On Sexual Violence, Institutionalised Misogyny and Rape Culture

The following is a longer form version of my mic check to Bourke St Mall from Saturday. It was distributed amongst Occupiers of Melbourne and members of the general public. It belongs to me, and was written by me, and is reproduced here with my permission.

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People of Melbourne,

On Tuesday December 6th, a terrible act of sexual violence occurred in our great city. In full public view and in broad daylight, a young woman was surrounded by a group of adults much older than her, held in place, and had her clothing brutally cut from her body using a knife. The things she was wearing were then torn away from her body and taken away from her. The people that did this left her laying on the grass in only her underwear, and they walked away with nary a glance in her direction.

The people that did this? Sworn officers of the Victoria Police, and employees of the City of Melbourne.

I’m not writing this to talk about what happened to our Occupy Melbourne sister Sara yesterday. I’m writing this because I want to talk about institutionalised sexual violence, misogyny and the rape culture we live in.

Rape culture is defined by Wikipedia as:

“a culture in which rape and sexual violence against women are common and in which prevalent attitudes, norms, practices and media condone, normalise, excuse or tolerate sexual violence against women.” 1

The rape culture we live in showed itself on Tuesday morning in the Flagstaff Gardens. The group of police and council who assaulted Sara was made up of men and women. It was a woman who cut the tent off her. Commenters around the internet have asked incredulously why the female police officers and council workers would have consented to such an operation, or why they didn’t offer Sara a coat or a blanket or something to cover herself with. The answer to that question is two words: Rape Culture.

In 2008, the Herald Sun reported that 23 percent of the Victoria Police were female.2 I’m going to let that hang in the air for a moment, so we can consider that (admittedly outdated, I couldn’t find anything more recent in the limited time I have had to write this article) statistic. In 2008, 77% of the Victoria Police were men.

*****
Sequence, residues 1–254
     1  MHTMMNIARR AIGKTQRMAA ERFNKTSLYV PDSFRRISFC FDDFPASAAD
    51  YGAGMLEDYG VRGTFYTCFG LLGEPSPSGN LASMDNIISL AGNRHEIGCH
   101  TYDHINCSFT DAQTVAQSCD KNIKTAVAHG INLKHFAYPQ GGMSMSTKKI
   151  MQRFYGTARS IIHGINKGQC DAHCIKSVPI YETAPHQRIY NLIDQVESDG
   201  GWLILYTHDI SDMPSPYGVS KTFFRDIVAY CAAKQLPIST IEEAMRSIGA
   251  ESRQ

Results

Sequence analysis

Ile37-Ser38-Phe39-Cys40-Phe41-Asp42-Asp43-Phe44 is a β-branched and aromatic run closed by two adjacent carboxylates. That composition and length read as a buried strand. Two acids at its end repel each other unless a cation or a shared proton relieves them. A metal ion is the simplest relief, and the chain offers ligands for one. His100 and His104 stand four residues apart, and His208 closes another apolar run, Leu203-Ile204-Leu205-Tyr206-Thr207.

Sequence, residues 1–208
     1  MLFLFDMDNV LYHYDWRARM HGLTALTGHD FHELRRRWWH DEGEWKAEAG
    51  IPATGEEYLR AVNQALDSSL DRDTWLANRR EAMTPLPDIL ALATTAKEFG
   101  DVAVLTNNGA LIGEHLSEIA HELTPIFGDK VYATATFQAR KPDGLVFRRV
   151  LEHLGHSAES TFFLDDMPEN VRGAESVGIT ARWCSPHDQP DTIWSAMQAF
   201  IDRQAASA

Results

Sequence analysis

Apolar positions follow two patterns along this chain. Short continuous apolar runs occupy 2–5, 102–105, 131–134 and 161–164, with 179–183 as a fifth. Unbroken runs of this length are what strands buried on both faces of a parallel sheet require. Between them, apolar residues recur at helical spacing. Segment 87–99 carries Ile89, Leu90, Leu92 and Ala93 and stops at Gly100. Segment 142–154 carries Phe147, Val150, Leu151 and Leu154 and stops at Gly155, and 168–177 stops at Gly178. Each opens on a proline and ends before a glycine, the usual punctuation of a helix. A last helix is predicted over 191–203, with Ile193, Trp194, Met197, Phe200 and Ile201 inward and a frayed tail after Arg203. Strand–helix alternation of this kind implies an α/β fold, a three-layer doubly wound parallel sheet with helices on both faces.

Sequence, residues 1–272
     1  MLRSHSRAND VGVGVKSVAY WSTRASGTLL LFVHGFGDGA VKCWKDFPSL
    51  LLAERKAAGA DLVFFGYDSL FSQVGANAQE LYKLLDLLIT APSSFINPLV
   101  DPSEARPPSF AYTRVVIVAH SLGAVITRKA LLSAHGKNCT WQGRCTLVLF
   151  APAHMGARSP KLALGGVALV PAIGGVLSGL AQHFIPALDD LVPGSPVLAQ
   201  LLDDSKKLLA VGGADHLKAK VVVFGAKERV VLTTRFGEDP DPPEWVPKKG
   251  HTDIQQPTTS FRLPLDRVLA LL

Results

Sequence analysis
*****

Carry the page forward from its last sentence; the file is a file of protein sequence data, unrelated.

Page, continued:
For a woman in a male-dominated environment, the challenge is fitting in. Often, fitting into a male-dominated environment means having to tolerate the “old boys club” feel of the place. A woman must become less sensitive, must learn to brush off sexist jokes and jabs about her sex life, appearance, femininity. She must become “one of the boys” so that she will fit into the environment in which she finds herself.

If she finds herself in the “old boys club” because of her freely chosen line employment, the need to adjust her behaviour in order to fit in becomes doubly important. She cannot afford to lose her job and her means of living because she was too sensitive about some “good natured teasing” (read: sexually inappropriate comments) or some “harmless decorations” (read: nudie calendar).

So she desensitises herself. Things that she may have previously found objectionable she lets slide, or writes off as “boys will be boys” or ignores because “it’s not harming me directly”. But what she doesn’t understand is that every time she lets something slide, or ignores something that niggles at her, or writes something off, she contributes to and reinforces the rape culture which places every woman at a disadvantage, even in our privileged Western society.

A 2003 article in The Age on the topic of sexism on the Victoria Police quotes former police office Narell McKenna. She left the Victoria Police after winning a harassment case against the Police in 1998. Ms McKenna described the police culture as a “boy’s club” and went on to say: